Rescue Of 'Science Students': 2.5m Bottles Of Codeine Off Counter
The push and battle to end the abuse of drugs in Nigeria and rescue those being dragged to the gallows have reached a new height, with at least 2.5 million bottles of codeine recalled by the Nigerian government.
This figure was given by the Minister of Health, Professor Isaac Adewole, on Tuesday at a meeting with the Presidential Advisory Committee on Elimination of Drug Abuse (PACEDA).
He told the members of the committee that the bottles of codeine were recalled from across Nigeria.
It is a committee constituted by President Muhammadu Buhari to help those enslaved by hard drugs to build new lives.
Adewole said that the ban on the production, distribution and sale of hard drugs had helped in curbing their menace.
‘Since we banned Codeine syrup in the country, till today, over 2.5 million bottles have been recalled, and we will not relent in ensuring that this menace is curbed to the barest minimum.
“Drug issues are not restricted to Northern parts of the country.
“I consider this event a worthwhile investment and a clarion call on all of us to rise to the occasion to save lives and restore the dignity of man.
“When I see people talking about the Northern part as the most dangerous when it comes to drug consumption, I will say, the South-West states are not left out.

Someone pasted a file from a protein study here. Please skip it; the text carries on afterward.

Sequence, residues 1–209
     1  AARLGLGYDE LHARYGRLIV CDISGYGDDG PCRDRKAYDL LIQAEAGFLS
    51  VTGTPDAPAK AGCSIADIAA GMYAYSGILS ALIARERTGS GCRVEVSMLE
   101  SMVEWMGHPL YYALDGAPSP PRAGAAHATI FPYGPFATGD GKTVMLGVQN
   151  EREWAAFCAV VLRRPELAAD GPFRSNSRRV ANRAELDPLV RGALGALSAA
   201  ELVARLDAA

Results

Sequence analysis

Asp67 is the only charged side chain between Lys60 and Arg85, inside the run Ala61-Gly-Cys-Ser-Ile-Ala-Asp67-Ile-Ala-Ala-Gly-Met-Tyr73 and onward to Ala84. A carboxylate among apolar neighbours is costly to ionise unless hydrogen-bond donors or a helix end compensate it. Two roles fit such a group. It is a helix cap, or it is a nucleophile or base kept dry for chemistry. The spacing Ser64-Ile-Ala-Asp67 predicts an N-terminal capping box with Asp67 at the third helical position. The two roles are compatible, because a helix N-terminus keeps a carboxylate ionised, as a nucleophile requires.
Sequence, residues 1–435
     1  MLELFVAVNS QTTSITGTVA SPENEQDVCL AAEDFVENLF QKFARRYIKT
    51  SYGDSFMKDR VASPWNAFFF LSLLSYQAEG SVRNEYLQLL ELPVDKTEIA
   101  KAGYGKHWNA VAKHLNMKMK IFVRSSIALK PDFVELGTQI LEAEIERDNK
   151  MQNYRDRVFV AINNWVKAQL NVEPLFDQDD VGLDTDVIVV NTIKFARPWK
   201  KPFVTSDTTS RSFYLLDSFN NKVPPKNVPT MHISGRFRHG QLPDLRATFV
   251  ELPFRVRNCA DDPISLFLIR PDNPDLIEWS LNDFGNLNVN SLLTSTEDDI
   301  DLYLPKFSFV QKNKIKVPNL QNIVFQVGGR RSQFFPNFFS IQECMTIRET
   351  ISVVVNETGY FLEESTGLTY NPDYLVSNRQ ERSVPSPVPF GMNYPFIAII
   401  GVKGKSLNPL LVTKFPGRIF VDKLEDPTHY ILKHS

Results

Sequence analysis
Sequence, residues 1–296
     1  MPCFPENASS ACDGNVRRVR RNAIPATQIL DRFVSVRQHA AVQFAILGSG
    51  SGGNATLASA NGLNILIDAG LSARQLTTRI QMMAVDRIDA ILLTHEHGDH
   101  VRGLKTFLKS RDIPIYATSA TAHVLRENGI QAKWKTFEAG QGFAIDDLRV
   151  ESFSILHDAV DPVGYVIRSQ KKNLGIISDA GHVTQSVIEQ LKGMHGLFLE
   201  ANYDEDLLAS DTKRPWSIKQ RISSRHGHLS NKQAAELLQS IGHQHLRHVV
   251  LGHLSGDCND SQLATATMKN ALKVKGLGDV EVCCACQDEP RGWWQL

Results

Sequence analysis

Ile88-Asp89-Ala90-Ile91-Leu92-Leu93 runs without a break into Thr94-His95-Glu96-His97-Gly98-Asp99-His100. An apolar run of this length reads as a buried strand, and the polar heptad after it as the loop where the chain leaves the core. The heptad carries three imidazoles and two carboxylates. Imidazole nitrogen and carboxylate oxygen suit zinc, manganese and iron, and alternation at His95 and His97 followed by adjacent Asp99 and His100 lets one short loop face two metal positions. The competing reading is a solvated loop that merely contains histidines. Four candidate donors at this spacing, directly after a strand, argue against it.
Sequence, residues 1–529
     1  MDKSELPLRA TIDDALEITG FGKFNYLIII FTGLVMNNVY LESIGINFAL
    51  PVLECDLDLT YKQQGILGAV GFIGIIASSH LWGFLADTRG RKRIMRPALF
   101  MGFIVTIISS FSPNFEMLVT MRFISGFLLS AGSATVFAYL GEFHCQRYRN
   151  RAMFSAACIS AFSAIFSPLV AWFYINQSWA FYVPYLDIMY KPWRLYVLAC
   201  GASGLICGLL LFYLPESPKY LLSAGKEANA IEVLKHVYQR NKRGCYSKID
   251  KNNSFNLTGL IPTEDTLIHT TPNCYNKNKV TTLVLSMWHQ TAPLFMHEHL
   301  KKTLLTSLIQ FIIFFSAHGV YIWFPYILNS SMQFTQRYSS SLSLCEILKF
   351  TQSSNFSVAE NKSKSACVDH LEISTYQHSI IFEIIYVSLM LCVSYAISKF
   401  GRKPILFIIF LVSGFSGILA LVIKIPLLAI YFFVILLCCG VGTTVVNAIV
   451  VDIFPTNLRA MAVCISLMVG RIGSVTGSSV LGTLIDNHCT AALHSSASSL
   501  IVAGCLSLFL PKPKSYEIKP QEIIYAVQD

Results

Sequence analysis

Bizarre Substances People Use
“The drugs commonly abused in Nigeria include cannabis, codeine-containing-medications, tramadol and other opioids, benzodiazepines, cocaine and heroin.
“But, it is shocking to know that Nigerians have moved from taking cannabis sativa, popularly known as marijuana, to some other bizarre substances.
“Lizard excrement, latrine fumes, rubbish dump fumes, paint fumes, gutter fumes, dry cow dung are being consumed. There are others yet to be identified substances that are also abused.
“I must say that setting up this committee is a good move to curb this menace in our country,” he said.
The minister described the escalation of drug abuse in Nigeria as worrisome and urged the committee not to only look at the issue of codeine but also the bizarre substances abused in Nigeria.
“The need to educate the people on the dangers of drug abuse has called for concern since they have moved to sniffing those bizarre substances.
“We must also look at how to rehabilitate and reintegrate them into society to become better people in the nearest future,” he added.
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